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Romancing the Letter

February 5, 2010

I recently had a conversation with a friend about the romance of letter writing. He is a Eudora Welty scholar and has spent countless hours poring over archives of her correspondence in Mississippi. He remarked how her letters, even though she sent at least one a day, seemed so carefully crafted. On the contrary, he noted how we so casually toss off e-mails with little thought or planning. We both recognized the romance behind letter writing though we’re both, supposedly, digital natives.

Don DeLillo, who still writes on the manual typewriter he bought second-hand in 1975 does not much care for e-mail. Responding to the question whether he uses e-mail he said:

I do not. I think email encourages communication that wouldn’t otherwise take place. It may require a response that I may not be willing to execute.

Much has been written, no doubt, on the often too-terse use of e-mail (including this recent article from The Book Bench), but one shouldn’t too hastily write it off an emotionless communication tool. As Halford notes in the linked article, many cube-dwellers use constant net-based communication throughout their workdays to facilitate better relationships with their friends and family.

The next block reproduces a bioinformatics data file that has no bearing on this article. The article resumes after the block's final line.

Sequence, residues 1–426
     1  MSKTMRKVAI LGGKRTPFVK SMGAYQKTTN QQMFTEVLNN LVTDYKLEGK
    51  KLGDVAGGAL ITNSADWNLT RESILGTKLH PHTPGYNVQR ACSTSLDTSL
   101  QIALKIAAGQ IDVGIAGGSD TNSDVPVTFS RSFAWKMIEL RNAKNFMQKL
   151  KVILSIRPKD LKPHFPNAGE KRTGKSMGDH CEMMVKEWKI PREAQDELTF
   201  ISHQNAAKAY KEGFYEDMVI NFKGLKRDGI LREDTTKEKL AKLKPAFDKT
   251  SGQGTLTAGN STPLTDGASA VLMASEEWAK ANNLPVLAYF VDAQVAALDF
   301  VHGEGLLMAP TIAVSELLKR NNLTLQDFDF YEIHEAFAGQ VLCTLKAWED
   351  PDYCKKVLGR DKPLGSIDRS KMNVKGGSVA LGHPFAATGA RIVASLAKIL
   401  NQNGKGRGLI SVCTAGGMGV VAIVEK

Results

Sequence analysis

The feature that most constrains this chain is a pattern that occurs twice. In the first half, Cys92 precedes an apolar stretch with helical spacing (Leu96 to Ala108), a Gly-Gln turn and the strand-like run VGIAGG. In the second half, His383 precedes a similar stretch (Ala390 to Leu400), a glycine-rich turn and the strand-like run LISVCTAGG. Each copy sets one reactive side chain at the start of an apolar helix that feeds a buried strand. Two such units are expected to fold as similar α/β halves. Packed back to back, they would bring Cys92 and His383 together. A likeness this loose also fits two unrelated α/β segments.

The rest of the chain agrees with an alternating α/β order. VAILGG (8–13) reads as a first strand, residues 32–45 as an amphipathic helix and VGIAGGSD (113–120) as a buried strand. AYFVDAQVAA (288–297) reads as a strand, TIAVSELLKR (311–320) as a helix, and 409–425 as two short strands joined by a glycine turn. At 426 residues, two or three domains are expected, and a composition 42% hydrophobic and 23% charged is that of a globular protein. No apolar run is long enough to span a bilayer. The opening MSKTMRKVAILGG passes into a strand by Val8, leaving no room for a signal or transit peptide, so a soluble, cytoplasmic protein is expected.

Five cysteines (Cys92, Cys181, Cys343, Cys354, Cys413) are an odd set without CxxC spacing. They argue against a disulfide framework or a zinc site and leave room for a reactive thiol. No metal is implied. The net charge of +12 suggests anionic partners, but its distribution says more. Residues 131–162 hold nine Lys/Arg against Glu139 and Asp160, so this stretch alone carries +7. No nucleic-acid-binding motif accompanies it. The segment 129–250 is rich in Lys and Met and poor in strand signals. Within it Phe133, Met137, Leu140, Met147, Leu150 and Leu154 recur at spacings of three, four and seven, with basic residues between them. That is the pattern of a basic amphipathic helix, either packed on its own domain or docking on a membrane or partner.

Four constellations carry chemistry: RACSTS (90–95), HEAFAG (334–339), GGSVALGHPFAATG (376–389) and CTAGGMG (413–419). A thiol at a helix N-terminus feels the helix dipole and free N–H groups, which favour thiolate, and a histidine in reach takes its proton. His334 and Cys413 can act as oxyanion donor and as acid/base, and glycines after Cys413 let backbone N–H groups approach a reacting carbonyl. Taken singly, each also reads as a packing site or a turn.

The talk of e-mail v. letter writing quickly wandered to a discussion of the digitization of literary archives. Is there a more romantic ideal than a literature scholar devoting hours to scrutinize stacks and boxes of paper to discover the one key document for her argument? It is certain that the romantic notion of archive searching is diminished by the use of digitized keyword searches, but the product of the searcher is undoubtedly be richer.

For me, the ideal of dusting through musty-sweet stacks of letters and scribbled notes is lovely, but I’ll give that up for universal availability and ease any day. The more open and free information available the better for everyone.

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